Sunday, November 20, 2011

Using Molecular Modelling Kits to Predict, Explain, Observe, Explain the Relationship between Chemical Formulas and Molecular Shapes – Post #43

 In my grade nine applied science class the students are typically very good at both interpreting a chemical formula and in building molecular models, using the tradition ball and stick kits. However, when it comes to the higher order thinking required to add or subtract an atom from a molecular compound they are not able to visualize how the molecular shape is changed. This semester I decided to use the Predict, Explain Observe, Explain (P.E.O.E.) model that is encouraged by Smarter Science to help the students move forward in their thinking.

Prior to performing this activity the students were taught how to deconstruct a chemical formula. That is, they could articulate that H2O (water) was a molecule composed of two hydrogen and one oxygen atom whereas H2O2 (hydrogen peroxide) was a molecule made up of two hydrogen and two oxygen atoms. Although the students were familiar with the Periodic Table and knew that families or groups represented the vertical columns and atoms in the same family shared chemical and physical properties they were unable to interpret the number of valence electrons each atom has and how this influenced chemical bonding.
1.      Initiate and Plan
To engage the students in this activity I began by distributing the molecular model kits and explaining the reason that different coloured balls had a different number of holes. Together we observed the colour coding of the atoms, their position on the Periodic Table, the number of holes drilled into the model atoms and the number of valence electrons they each had. Most students were very confused at this stage.
2.      Perform and Record
In pairs, the students found the correct coloured atoms to build one molecule of water and built it. It quickly became apparent that unless the oxygen atom was placed in the center the molecule could not exist. It was further observed that the molecule was “bent” or angled, and could not be a straight line.
I distributed the P.E.O.E. template to the students and had them predict how the look (shape, geometry) of an atom of H2O would change if one atom of oxygen was added, making H2O2. When asked to make this prediction on paper most students just drew an oxygen atom to the oxygen atom that was central to the water molecule.  They did not take into account that there were insufficient valence electrons to make this possible. This concept appears to be too abstract for these learners at this stage of their academic career.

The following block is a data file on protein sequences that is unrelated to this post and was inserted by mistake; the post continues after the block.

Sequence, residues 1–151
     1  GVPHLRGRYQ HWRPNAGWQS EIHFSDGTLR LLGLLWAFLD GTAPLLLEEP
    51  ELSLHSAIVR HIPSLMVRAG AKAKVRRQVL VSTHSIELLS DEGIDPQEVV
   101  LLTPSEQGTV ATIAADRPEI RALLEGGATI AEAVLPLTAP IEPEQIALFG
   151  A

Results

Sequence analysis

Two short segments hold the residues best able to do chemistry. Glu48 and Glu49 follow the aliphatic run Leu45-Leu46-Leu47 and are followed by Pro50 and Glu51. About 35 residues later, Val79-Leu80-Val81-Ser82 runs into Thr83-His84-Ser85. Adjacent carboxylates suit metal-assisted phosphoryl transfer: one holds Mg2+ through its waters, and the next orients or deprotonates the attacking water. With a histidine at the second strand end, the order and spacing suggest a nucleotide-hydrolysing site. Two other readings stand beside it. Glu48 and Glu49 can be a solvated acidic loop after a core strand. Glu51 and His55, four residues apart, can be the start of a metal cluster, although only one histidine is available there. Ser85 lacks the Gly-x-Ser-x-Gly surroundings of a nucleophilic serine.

Once the students had completed box 2 of their P.E.O.E. template they were then instructed to build the H2O2 molecule. When given the hands-on model to build they immediately realized that their predictions were incorrect, took their water molecule apart and constructed the correct molecule for H2O2. 

3.      Analyze and Interpret
When the students compared their models of water to that of hydrogen peroxide they were able to contrast their shapes (bent vs. straight line)
.4.      Communicating
Students used the PE.O.E.  to communicate what they had learned about the relationship between the chemical formula and the look of the molecule. They went on to build a number of various molecules. Initially I supplied them with a list of chemical formulas to build and draw. Subsequently they built molecules ad hoc and determined their chemical formulas. Lots of authentic learning occurred, everyone had fun and my learning outcomes were achieved.
What learning outcomes?
From Strand A of our Ministry document – Scientific Skills and Investigation we demonstrated scientific investigation skills (related to both inquiry and research) in the four areas of skills (initiating and planning, performing and recording, analysing and interpreting, and communicating) (A1). We also selected appropriate instruments and materials for particular inquiries (A1.2). And from the Chemistry unit we demonstrated an understanding of the properties of common elements and simple compounds, and general features of the organization of the periodic table (C3). 
What strategies do you use to help these learners understand that importance of chemical bonding in molecular geometry?

1 comment:

  1. An excellent use of Molecular Modelling Kits as an Inquiry activity, Kay!